Many kinds of sequential logic require that the output of one register be fed into the input of another register which is strobed by the same clock. In such logic, it's necessary to ensure that a changed output from the first register cannot affect the input of the second until after the hold time of the second register has been satisfied. If data flows in one direction, it may be possible to delay the clock of the downstream device, but if data needs to flow bidirectionally it may be difficult to ensure that all devices have sampled their data before any changes can percolate to any device's data input; getting reliable behavior from high-speed logic devices would require sharp clock edges even when using very slow data rates.
It would seem that in many cases this problem could be eased considerably if flip flops' clock inputs defined two distinct levels with non-overlapping tolerance bands: a "sample" level (perhaps 15%-30% VDD) and a "propagate" level (e.g. 45%-60% vdd), such that setup time would be required before the clock signal reaches 15% VDD, hold time would be measured after it reaches 30% VDD, minimum propagation would be measured after it reaches 45%, and maximum propagation after it reaches 60%.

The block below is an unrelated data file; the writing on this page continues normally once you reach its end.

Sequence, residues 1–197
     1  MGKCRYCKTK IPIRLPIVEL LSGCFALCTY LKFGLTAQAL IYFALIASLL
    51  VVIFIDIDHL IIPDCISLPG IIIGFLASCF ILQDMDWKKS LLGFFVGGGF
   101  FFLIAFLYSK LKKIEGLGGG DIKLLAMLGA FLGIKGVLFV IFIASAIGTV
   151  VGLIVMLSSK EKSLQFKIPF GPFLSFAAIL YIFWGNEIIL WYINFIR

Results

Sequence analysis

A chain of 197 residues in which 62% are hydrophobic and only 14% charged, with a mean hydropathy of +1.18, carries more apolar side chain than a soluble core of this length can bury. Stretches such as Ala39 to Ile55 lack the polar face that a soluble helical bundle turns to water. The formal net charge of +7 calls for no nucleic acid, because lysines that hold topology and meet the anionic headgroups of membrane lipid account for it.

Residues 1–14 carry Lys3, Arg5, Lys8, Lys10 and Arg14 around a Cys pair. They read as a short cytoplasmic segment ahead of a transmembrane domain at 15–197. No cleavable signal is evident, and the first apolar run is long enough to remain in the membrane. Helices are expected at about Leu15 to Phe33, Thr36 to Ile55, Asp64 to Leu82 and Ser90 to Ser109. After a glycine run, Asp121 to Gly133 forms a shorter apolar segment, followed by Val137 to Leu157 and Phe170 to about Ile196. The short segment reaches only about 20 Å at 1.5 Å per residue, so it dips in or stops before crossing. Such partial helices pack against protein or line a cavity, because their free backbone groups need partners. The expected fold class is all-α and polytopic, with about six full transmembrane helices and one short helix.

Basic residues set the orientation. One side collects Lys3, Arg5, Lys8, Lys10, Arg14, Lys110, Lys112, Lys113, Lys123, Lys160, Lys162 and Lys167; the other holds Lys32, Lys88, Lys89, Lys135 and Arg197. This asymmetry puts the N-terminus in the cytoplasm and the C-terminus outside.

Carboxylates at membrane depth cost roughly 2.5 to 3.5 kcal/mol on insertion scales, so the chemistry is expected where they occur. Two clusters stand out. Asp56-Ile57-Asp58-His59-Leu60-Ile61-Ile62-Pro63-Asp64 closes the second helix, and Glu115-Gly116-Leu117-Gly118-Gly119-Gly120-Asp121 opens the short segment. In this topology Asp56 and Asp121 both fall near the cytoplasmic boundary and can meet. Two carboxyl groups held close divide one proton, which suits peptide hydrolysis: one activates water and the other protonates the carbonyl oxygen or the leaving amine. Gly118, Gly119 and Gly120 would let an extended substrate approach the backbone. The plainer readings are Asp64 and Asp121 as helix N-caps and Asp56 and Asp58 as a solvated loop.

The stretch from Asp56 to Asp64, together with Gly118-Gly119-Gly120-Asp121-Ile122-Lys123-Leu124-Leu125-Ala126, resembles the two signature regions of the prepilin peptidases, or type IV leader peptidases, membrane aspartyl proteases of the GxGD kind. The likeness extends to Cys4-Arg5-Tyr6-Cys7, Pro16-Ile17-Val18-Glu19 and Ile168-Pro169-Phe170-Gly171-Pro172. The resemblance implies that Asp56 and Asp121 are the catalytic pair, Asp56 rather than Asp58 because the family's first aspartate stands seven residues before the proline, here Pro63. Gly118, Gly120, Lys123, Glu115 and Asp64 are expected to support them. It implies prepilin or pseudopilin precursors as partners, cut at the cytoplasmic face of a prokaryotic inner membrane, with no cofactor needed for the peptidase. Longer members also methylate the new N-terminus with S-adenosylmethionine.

Such specifications would ensure that provided every device sees the clock signal reach 30% of VDD before any device sees it reach 50% of VDD, then setup/hold times would automatically be met for any devices with a zero hold time; positive hold times could be met by limiting the rate of rising clock edges.
It would seem that this approach should allow system designers great flexibility in balancing clock edge speed with clock rate requirements, and would allow much better noise immunity than Schmitt trigger inputs (unless all registers are clocked by the output of the same Schmitt trigger, they may switch at different times, and even when using one Schmitt trigger, logic may get sunk if a fuzzy clock signal makes the output go metastable). Are there any logic families that use such behavior to improve the performance and reliability of their edge-triggered logic functions?